As MLB lockout threatens late start, union-rep Stripling urges fellow Blue Jays to prep as usual

Toronto Blue Jays starting pitcher Ross Stripling throws to a Los Angeles Angels batter during the first inning in the second baseball game of a doubleheader Tuesday, Aug. 10, 2021, in Anaheim, Calif. (Marcio Jose Sanchez/AP)

TORONTO – Typically the final days of January are when baseball players start revving up for the year ahead. They would be locking down leases for spring training rentals, hitting their final workouts hard, maybe sneaking in one last tweak to a swing or pitching motion.

“You want get out there Feb. 1, start getting to work with your guys and your coaches, you feel like baseball season's coming and you're fired up,” said Toronto Blue Jays right-hander Ross Stripling. “That's what our bodies are telling us right now.”

Major League Baseball’s lockout of its players, sadly, is delivering a far different message. Not only with the beginning of spring training in a couple of weeks under threat but perhaps also the beginning of the regular season as well.

The MLB Players Association made a significant move during negotiations this week by dropping the demand for a quicker route to free agency and lowering the cut sought in a proposed adjustment to revenue sharing, according to sources. In response, owners withdrew their attempt to limit salary arbitration and accepted the union’s framework on a bonus pool for pre-arbitration eligible players, although there’s a big gap in how much money would be available.

There’s even wider separation on more significant issues – the Competitive Balance Tax, or CBT, minimum salaries, expanded playoffs, to name a few – which is why the clock is very much ticking. The sides planned to talk Friday although another economic proposal wasn’t expected.

“We just need to get the ball rolling. These days are so crucial,” says Stripling, who receives regular updates on negotiations as the Blue Jays’ players-union representative. “We knew the owners would use time against us. The closer you get us to spring training, the more frustrated we're going to get. We're used to not getting paycheques in these months, but now you're talking about maybe taking a second pay cut in three years. We've had to sit back on our side and think, what are we willing to miss time over?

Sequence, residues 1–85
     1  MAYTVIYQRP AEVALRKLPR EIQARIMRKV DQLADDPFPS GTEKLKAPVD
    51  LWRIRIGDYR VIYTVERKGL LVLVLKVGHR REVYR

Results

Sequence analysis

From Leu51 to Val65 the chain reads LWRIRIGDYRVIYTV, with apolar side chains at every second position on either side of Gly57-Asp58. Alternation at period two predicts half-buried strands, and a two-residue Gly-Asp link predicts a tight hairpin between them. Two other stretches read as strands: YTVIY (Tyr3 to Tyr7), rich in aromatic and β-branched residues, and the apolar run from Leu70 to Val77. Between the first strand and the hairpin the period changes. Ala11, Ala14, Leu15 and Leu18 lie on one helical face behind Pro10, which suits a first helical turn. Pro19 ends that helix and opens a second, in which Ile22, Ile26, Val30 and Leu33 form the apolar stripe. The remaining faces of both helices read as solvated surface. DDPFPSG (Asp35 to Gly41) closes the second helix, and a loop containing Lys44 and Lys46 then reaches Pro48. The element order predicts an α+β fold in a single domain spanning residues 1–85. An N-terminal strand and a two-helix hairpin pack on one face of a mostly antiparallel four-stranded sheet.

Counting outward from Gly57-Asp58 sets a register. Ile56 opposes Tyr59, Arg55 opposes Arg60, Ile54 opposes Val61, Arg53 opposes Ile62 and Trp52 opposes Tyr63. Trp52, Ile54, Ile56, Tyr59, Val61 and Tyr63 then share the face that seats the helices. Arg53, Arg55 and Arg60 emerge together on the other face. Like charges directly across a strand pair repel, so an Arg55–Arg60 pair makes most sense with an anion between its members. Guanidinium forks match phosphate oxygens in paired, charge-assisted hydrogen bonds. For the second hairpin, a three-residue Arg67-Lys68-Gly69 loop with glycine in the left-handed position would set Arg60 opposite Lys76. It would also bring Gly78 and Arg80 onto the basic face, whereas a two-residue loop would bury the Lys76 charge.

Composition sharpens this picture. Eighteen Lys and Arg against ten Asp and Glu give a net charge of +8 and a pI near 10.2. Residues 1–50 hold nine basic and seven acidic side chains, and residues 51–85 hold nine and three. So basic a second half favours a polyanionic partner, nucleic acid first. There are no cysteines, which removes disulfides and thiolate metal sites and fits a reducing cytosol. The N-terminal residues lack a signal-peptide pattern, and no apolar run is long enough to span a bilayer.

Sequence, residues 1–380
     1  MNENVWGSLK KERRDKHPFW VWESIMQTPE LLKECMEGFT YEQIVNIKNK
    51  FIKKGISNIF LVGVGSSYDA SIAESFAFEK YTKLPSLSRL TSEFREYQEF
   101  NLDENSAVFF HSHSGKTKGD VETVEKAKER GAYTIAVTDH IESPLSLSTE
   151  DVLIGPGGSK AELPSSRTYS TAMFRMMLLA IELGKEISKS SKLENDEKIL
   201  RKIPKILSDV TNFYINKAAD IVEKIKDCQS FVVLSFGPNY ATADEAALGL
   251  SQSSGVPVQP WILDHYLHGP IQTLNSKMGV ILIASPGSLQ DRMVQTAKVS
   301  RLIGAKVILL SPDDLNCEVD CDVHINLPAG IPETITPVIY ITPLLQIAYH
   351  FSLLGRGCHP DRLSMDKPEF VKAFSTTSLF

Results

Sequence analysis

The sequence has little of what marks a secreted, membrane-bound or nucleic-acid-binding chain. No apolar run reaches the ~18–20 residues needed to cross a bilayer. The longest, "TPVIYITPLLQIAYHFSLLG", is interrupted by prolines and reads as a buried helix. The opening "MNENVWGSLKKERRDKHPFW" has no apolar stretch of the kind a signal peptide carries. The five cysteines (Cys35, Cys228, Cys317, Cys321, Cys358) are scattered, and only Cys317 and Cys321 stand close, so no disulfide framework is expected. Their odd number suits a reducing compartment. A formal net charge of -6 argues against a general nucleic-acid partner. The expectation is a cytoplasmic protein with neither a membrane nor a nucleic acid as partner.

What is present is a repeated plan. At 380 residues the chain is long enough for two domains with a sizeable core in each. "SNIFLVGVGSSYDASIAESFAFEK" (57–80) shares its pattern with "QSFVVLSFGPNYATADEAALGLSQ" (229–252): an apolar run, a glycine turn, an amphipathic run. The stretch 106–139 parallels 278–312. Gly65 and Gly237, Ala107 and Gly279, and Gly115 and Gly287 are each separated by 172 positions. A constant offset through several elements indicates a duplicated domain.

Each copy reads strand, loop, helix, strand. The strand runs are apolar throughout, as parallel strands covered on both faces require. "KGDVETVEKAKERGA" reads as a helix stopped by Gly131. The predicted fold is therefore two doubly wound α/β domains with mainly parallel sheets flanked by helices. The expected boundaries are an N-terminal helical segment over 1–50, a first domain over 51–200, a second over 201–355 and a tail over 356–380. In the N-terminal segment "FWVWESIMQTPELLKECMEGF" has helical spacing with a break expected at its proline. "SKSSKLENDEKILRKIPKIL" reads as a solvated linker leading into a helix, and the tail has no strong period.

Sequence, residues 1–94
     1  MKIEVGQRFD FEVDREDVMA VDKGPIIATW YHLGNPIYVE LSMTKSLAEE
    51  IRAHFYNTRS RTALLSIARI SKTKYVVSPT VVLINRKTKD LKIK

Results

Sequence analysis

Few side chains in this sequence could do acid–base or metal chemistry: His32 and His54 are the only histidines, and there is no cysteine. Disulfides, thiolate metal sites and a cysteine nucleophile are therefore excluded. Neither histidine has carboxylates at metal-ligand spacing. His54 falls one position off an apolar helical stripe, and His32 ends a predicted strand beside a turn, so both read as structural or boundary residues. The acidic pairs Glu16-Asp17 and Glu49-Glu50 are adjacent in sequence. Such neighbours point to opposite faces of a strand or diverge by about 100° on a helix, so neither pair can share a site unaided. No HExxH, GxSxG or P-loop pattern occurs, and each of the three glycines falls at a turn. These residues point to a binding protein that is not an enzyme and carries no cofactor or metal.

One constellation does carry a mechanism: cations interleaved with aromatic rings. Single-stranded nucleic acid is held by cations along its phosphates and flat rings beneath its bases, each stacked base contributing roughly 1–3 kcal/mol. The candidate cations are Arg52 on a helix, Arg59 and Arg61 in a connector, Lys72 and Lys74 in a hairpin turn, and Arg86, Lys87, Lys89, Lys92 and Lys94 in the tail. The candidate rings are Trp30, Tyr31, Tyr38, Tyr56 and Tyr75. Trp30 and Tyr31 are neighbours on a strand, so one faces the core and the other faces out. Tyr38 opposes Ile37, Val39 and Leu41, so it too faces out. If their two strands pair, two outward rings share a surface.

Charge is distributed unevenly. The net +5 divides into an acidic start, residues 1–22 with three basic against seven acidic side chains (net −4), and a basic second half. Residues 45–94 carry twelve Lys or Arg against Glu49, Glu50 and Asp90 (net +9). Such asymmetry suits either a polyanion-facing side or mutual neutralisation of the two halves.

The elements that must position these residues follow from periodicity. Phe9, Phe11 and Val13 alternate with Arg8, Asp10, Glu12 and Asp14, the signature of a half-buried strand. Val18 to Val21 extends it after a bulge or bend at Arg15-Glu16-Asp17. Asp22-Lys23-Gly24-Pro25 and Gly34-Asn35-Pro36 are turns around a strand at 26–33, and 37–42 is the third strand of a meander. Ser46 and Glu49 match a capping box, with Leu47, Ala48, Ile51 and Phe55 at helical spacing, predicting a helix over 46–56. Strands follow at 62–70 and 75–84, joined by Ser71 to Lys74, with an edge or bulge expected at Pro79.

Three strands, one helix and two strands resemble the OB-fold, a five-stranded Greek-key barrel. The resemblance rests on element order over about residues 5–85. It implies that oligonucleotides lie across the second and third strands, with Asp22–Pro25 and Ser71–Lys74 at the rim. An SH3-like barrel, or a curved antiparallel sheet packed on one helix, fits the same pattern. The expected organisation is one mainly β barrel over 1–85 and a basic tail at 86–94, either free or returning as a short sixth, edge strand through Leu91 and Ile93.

“We’re at that precipice now where it’s like, OK, we are likely to miss games. So let’s dig our feet in and get ready for a fight to make this happen and make the game better,” he continues. “I hope that we can start making some real progress because we want to start on time and play on time. We know what we're fighting for and we know that some things need to change. It’s frustrating for a lot of guys because there’s not a lot of information coming down that's positive.”

To that end, the message Stripling keeps delivering to his teammates through the group chat in which he shares updates is to keep preparing as if everything is going to start as usual, and adjust from there as needed.

The 32-year-old right-hander is running through his typical routine at home in Houston, working out daily with teammates George Springer, Cavan Biggio and other big-leaguers at a local facility, and throwing bullpens at Rice University. If players are still locked out in two-to-three weeks, there are loose plans for live batting practice with Springer, Biggio, Anthony Rendon, Robbie Grossman and Tyler Naquin, akin to a typical spring progression.

Players have prepared for seasons under less than ideal circumstances the past two years, as Summer Camp following the 2020 pandemic shutdown and spring training last year both forced hasty build-ups. Should the lockout force that again this year, a camp could theoretically be shoehorned into roughly 25 days. This means an early March reporting date would offer enough runway to hit the scheduled March 31 opening day.